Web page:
Instead, use these settings:
  1. Management page:
    • uncheck: "Use OS load-based management"
    • uncheck: "Run HLT command when OS is idle(requires restart)"
    • check: "Restore CPU defaults..." - both options
    • select: from the "CPU defaults selection" drop-down menu: "CPU-defined default FID/VID"
  2. Profiles page(if you know what ur doin'):
    • for AC power choose Maximal Performance profile and, under AC tab, check "Use P-States..." and "Use Throttling(ODCM)", use index #6 for both.
    • for battery power choose Power Saving profile and, under battery tab, check "Use P-States..." and use index #1, unckeck "Use Throttling(ODCM)", or, alternatively, use "Performance on Demand" profile and check nothing.
  3. Advanced CPU Settings page:
    • Processor Tab:
      • uncheck: "Enable Thermal Monitor 1" (makes CPU jumpy when it gets hot, that's why there's TM2)
      • check: "Enable Thermal Monior 2" (replaces TM1)
      • check these Enhanced Low Power States: C1E, C2E, Hard C4E.
    • Platform Tab:
      • check: "Enable Popdown Mode"
      • THE MOST IMPORTANT!! uncheck: "Enable Popup Mode"

That last one is the most important as it's the one that silences the noise! All of the other ones where just to preserve battery life and keep everything safe if you exit RMClock. You can also check: "Run application automatically when Windows session starts" for hassle-free power management (tho' it seems to keep working after you exit!).

Press "Apply" and ur done... but wait, these settings, if improperly set, may heat up any computer, so, please, do it at your own risk. I'm a computer engineering student and know my way around, more or less, but it works and preserves battery, on my Core Duo T2500 2.0Ghz with BIOS version 78.03, haven't tested it with newer 78.04.

Also, it pumps it up on AC power, without too much heating or jumpyness after long standby.

Hope it works for other Core Duo users and even Pentium M, and I hope I was clear enough. I wish I could keep experimenting and try to get more life out of battery but it's 5:30am and I'm tired. @ least, I don't have the whinning anymore and have more than 4 hours of battery life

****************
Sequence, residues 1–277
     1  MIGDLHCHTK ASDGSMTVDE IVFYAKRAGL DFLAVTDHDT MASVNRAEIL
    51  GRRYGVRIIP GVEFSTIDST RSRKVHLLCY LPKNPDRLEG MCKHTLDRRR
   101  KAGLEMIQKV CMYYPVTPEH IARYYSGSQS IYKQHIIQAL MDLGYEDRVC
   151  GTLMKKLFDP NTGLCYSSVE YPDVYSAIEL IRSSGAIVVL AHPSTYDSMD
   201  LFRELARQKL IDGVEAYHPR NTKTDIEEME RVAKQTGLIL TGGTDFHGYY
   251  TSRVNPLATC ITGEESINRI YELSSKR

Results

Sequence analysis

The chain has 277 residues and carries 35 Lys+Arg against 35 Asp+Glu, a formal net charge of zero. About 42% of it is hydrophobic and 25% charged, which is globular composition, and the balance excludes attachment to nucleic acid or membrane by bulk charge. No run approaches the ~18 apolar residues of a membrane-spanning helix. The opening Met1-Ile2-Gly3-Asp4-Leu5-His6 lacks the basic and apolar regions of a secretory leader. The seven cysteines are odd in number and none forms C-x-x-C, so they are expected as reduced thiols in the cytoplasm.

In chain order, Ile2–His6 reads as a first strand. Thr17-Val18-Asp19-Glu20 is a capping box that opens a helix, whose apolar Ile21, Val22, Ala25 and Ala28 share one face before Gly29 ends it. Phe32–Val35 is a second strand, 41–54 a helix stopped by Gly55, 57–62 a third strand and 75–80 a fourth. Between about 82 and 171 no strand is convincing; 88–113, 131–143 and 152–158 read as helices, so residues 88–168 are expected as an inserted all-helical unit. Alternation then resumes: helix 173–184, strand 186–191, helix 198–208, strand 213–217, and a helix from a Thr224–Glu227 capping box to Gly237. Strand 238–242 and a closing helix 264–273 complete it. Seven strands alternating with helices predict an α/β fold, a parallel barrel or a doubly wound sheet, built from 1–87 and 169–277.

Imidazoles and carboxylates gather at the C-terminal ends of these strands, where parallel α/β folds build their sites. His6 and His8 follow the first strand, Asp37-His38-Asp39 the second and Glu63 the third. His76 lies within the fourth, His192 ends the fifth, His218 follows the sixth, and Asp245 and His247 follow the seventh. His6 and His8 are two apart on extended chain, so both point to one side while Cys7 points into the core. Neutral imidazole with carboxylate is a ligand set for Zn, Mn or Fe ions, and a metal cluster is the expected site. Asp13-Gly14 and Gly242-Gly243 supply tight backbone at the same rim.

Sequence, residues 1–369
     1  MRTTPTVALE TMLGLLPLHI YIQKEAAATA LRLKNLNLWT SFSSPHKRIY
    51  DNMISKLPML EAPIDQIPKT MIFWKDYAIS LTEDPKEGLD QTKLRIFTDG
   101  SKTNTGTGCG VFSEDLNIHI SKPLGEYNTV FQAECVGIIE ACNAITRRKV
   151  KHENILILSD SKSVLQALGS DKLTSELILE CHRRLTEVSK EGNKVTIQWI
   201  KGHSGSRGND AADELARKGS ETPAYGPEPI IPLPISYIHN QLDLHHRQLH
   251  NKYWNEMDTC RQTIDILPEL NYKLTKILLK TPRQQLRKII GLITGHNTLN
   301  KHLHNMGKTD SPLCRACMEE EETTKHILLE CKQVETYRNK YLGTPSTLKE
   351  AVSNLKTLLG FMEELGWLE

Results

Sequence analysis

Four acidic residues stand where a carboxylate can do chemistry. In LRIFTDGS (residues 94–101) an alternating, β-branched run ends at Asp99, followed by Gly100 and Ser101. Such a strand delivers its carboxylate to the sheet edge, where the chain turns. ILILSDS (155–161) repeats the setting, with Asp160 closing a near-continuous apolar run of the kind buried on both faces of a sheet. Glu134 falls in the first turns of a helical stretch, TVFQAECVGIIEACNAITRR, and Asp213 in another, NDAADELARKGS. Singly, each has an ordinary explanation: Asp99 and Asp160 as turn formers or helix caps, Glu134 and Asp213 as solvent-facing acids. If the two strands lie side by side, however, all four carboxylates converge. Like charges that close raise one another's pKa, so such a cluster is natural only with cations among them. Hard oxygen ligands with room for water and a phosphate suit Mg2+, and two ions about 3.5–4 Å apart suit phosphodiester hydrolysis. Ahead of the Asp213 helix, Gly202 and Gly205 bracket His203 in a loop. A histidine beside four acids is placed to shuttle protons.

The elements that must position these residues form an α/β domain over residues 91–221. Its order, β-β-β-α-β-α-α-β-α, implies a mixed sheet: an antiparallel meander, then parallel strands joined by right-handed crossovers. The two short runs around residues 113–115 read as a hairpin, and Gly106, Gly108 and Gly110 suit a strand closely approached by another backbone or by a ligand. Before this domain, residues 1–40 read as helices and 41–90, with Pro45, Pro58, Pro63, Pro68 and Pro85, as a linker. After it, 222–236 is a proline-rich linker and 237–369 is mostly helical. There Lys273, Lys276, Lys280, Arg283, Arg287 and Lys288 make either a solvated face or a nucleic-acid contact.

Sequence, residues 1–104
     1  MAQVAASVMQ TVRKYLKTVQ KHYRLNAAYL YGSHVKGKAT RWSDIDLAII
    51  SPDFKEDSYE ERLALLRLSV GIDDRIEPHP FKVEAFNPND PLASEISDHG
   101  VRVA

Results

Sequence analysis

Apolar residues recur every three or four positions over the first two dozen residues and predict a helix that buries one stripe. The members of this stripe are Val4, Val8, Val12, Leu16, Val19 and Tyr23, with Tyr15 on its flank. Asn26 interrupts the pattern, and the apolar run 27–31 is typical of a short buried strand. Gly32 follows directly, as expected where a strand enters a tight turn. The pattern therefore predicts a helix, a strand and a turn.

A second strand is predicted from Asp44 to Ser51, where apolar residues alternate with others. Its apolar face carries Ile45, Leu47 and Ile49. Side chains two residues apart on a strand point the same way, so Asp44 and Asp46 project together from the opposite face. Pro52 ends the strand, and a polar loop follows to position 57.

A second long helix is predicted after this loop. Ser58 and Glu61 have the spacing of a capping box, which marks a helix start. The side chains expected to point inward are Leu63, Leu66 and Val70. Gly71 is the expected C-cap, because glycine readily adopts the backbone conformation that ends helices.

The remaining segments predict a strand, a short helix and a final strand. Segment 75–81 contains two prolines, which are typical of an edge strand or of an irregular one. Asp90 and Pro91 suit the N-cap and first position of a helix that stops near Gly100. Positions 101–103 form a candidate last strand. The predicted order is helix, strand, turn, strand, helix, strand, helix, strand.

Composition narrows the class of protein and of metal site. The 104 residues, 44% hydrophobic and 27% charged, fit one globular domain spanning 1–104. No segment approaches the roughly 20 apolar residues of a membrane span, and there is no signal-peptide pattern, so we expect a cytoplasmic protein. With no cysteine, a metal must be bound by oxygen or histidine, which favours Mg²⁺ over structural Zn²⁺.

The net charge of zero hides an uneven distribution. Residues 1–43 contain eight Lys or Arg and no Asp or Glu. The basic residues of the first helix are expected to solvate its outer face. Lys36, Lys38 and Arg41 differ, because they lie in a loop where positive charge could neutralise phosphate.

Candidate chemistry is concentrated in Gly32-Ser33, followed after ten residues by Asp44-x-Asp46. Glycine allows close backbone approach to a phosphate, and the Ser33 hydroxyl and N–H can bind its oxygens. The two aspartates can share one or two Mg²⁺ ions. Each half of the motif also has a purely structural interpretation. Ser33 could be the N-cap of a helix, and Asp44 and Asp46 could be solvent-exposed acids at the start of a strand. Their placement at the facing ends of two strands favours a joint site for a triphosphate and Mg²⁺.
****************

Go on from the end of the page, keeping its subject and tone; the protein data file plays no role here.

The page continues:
I forgot!!!

In "Adavcend CPU Setings" page, check the "Apply these settings at startup", beside the Refresh button, at bottom.

This is so when you restart, these power management settings will kick in.

ToolTipFixer failing to launch in Windows 2003

I am a big fan of TooltipFixer which fixes a Windows shell bug where tooltips in the notification area would be eclipsed by the taskbar itself.

In Windows 2003, the service would have problems at startup and trigger the annoying and unhelpful: "At least one service or driver has failed to start" error dialog. This can be fixed by adjusting the properties of the NST ToolTipFixer service to log on as "Local Service" rather than "Local System".

The Annoying Icon that says "Acquring Network Address" When You're Already Connected

This complaint is all over the web, but I first saw a solution at DSL Reports

Using Intel Proset/Wireless software to manage wireless network connections, there was a weird and annoying issue where connection to a wireless network would work fine, but the little notification area wireless icon would animate endlessly with the tooltip "acquiring network address." Using the Hide Inactive Icons feature of the Start Menu control panel didn't work; the icon would reappear. This KB article is no help either.

The problem is that the Network Location Awareness Service wasn't running. Launch services.msc and change its startup type to Manual.